Former CERN physicist Christian Fabjan takes a whirlwind tour of 60 years of innovation in particle-detection technology at CERN and beyond.
Experiments have the potential to explore open questions in QCD and to search for hidden-sectors in which dark matter does not couple directly to Standard Model particles.
A strong tradition of innovation and ingenuity shows that, for CERN’s North Area, life really does begin at 40.
The Centre for Time, Constants and Fundamental Symmetries will offer access to ultra-sensitive equipment for atomic and nuclear physics, antimatter research, quantum optics and metrology.
During the next two years of long-shutdown two (LS2), the LHC and its injectors will be tuned up for high-luminosity operations.
Scientists have determined the ionisation potentials from fermium to lawrencium, confirming the filling of the 5f shell in the heavy actinides.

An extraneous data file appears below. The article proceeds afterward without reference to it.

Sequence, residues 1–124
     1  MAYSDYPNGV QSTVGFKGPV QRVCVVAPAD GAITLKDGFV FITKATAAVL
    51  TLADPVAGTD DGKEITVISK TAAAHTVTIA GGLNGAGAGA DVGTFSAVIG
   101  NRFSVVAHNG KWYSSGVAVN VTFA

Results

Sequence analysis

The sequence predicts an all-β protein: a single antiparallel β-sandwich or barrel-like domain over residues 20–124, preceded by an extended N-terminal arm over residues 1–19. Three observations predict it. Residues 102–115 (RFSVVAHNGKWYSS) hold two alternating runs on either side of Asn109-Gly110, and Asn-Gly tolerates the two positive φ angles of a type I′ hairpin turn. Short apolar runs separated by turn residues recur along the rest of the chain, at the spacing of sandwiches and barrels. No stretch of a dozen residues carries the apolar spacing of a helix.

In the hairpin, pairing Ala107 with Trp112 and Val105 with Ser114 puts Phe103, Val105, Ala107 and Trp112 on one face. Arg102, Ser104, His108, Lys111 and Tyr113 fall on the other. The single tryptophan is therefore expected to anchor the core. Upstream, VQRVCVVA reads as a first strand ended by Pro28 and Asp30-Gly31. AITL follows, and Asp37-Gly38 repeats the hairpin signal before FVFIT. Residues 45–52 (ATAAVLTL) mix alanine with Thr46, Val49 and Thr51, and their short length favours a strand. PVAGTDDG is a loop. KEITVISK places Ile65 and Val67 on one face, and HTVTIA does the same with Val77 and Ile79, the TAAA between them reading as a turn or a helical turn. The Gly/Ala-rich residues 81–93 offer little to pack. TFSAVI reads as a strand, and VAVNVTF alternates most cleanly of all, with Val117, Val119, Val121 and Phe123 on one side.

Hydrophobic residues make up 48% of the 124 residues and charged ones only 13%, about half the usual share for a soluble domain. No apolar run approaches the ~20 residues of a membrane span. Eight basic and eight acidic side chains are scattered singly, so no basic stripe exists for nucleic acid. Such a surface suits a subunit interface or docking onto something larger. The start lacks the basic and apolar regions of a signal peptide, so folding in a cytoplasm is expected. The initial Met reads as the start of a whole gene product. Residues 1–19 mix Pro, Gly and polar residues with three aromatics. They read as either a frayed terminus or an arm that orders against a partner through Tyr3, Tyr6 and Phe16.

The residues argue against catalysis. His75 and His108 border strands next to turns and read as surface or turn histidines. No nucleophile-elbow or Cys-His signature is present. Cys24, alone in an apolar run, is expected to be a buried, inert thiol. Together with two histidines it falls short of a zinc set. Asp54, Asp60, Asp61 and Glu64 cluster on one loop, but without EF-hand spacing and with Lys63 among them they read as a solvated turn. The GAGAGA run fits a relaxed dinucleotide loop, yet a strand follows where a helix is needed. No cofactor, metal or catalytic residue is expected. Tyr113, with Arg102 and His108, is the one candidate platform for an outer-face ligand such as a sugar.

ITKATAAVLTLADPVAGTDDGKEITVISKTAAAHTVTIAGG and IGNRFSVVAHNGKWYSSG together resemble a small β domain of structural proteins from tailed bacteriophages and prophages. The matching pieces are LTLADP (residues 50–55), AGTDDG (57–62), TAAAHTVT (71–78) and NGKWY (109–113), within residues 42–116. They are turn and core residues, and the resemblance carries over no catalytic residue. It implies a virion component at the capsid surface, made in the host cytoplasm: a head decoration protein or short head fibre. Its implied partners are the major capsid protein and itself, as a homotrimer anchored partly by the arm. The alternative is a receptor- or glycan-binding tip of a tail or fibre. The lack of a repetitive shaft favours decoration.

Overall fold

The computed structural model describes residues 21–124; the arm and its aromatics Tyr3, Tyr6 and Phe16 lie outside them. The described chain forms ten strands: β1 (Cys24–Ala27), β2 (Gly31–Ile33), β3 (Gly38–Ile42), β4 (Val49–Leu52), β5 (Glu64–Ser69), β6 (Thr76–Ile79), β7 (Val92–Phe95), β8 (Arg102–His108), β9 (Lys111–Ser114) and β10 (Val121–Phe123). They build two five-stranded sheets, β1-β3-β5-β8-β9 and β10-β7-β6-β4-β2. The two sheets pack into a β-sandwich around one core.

One of the biggest challenges for the CMS collaboration during LS2 is to prepare its detector for the HL-LHC.
New wheel-shaped detectors that allow a better trigger and measurement capability for muons are among numerous transformations taking place.
The LHCb detector is to be totally rebuilt in time for the restart of LHC operations.
The ALICE experiment is being upgraded to make even more precise measurements of extreme nuclear matter